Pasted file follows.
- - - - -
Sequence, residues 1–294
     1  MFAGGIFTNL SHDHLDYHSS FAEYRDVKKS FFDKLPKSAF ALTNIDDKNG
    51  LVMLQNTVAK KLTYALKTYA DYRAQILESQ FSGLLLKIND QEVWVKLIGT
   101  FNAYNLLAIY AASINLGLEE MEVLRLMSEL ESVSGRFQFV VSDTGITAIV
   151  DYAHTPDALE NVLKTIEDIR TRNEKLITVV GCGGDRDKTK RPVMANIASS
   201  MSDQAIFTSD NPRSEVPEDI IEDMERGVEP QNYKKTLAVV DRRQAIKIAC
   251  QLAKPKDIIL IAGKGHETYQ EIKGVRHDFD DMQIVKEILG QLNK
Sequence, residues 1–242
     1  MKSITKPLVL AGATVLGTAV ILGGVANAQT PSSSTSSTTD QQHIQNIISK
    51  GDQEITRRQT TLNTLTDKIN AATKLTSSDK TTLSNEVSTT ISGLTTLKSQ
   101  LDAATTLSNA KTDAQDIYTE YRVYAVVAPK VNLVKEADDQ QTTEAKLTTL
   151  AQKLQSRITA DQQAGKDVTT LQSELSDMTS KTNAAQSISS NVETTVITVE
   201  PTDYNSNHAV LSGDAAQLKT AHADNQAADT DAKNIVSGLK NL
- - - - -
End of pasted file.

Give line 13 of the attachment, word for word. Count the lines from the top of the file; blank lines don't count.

   201  PTDYNSNHAV LSGDAAQLKT AHADNQAADT DAKNIVSGLK NL